What’s wrong with Indian books written in English? There was a lot of discussion about how some writers do not pay enough respect to the language and how many publishers do not take enough effort to create good standards.
Anita Desai, however, is a writer who does not fall into this bracket at all. Sunny spoke about a classic by her called The Village by the Sea. The narrative is set in a village called Thul, some time in the 1980s and tells the tale of one family in particular. Desai visited this village long enough for her to be known as a regular. “This story doesn’t have a strong beginning, middle and end,” he said. “It just happens.”
Kasturi spoke about a book by Anita Desai’s daughter, Kiran Desai who won the Booker Prize. She was rereading The Inheritance of Loss and after a good six years, her perspective of the book has changed. The story is set in Kalimpong at the foot of Mount Kanchenjunga in the Himalayas. A retired judge returns here and must face the demons he thought he had left behind. Desai deals with geography, history and characterization in a stylized way. It is slow-paced compared to the crime thrillers that were discussed at the party but it was delightful, a distinct Indian voice.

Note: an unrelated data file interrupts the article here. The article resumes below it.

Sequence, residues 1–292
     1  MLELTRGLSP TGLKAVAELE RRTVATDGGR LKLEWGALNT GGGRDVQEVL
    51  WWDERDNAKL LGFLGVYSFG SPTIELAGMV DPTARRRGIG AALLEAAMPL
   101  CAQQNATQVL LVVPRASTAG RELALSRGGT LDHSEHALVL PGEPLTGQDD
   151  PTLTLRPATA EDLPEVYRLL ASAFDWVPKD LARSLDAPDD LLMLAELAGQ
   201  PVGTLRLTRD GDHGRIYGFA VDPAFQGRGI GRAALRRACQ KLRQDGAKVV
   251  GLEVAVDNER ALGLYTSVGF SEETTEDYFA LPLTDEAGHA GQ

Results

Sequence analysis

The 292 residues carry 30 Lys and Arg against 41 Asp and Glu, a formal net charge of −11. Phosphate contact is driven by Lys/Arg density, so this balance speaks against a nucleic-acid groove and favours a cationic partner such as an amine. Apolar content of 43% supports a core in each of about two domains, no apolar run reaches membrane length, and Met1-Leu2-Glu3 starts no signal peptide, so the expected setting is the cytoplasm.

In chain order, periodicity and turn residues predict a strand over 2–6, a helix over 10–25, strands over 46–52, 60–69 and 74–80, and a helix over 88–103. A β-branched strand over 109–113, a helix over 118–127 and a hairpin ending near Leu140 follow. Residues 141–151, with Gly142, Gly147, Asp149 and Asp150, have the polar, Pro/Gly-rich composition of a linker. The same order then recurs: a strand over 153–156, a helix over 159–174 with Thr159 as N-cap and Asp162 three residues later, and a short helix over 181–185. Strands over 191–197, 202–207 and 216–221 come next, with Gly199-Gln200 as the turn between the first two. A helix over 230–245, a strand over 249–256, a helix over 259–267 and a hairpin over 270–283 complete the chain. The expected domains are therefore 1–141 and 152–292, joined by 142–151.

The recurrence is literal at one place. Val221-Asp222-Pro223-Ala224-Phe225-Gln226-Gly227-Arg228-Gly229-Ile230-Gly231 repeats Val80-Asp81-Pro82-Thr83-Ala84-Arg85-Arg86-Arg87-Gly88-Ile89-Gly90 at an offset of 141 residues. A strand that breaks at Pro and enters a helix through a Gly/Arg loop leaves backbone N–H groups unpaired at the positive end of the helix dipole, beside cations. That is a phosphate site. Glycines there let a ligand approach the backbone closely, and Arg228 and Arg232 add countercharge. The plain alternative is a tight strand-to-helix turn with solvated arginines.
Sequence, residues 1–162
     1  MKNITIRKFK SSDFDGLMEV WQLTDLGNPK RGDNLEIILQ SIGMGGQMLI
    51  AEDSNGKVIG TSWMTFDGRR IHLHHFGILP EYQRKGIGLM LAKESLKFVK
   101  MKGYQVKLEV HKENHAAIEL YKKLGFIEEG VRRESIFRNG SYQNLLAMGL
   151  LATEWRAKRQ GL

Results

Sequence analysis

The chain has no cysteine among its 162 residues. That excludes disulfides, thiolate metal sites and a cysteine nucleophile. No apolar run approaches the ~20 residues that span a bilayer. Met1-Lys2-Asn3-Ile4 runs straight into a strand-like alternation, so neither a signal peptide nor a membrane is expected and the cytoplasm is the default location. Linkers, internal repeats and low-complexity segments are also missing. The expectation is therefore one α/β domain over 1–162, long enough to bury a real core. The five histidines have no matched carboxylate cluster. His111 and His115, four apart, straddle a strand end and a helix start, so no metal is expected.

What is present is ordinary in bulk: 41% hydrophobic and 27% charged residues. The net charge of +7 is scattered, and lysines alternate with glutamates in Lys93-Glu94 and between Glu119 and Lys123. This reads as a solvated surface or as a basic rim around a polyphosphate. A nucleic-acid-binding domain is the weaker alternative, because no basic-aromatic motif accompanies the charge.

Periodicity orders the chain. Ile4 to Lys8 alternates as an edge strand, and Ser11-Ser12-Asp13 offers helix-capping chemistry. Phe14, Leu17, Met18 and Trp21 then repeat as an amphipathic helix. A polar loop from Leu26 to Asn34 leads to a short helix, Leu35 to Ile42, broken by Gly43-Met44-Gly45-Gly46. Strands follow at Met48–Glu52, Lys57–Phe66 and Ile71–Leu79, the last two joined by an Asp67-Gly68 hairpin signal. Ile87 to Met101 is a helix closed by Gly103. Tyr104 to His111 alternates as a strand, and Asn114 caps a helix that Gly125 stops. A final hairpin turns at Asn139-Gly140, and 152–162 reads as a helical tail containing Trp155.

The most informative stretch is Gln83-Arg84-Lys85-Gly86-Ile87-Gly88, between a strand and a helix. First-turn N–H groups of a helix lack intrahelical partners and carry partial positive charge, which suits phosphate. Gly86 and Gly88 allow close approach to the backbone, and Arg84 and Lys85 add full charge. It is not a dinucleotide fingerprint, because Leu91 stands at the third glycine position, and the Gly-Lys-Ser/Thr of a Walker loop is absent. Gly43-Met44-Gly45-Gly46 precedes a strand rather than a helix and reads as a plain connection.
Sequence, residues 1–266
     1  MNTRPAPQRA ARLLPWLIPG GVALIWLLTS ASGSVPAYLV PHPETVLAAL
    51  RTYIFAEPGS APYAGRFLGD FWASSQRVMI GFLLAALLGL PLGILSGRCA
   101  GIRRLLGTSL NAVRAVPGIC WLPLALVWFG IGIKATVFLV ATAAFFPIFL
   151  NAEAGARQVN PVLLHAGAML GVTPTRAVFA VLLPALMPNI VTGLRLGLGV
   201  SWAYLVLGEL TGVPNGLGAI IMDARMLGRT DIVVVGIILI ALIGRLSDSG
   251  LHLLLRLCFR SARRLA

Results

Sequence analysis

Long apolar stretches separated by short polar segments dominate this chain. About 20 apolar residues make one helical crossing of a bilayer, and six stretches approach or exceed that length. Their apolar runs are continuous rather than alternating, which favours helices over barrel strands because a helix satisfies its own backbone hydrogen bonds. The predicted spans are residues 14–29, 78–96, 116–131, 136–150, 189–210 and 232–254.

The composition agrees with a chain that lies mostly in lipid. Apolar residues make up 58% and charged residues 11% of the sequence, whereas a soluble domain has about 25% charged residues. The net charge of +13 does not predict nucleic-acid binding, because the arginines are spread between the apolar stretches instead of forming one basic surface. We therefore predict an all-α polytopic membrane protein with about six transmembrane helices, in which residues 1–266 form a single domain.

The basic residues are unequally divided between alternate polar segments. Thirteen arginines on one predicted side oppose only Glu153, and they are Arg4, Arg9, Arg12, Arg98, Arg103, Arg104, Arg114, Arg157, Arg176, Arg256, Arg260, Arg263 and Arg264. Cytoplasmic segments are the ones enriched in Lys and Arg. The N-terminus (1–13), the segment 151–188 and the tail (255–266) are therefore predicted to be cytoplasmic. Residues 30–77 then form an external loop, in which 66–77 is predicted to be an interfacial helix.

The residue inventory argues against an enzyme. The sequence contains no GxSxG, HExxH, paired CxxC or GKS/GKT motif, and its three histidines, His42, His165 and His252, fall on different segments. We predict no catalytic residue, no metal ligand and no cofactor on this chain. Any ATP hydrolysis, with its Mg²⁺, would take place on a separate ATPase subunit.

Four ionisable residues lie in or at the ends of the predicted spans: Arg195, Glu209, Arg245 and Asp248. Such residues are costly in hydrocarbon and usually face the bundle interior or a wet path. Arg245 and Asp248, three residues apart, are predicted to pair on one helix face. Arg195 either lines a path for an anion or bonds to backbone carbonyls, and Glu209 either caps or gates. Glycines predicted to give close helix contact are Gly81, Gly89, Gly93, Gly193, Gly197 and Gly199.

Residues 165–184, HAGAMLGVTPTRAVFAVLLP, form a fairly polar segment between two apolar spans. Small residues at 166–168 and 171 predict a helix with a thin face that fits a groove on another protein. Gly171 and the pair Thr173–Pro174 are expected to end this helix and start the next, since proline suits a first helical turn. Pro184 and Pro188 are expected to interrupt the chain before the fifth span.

Anshuman is a history buff and was pleasantly surprised by Devi Yeshodharan’s Empire that tells the little-known story of the Chola Empire, a South Indian kingdom that held sway over South East Asia at one time. The story is told through the eyes of a Greek protagonist, a young woman. Other prominent works of historical fiction in India include the Ibis Trilogy by Amitav Ghosh. There were some mentions of books by Ashwin Sanghvi and Amish Tripathi as well.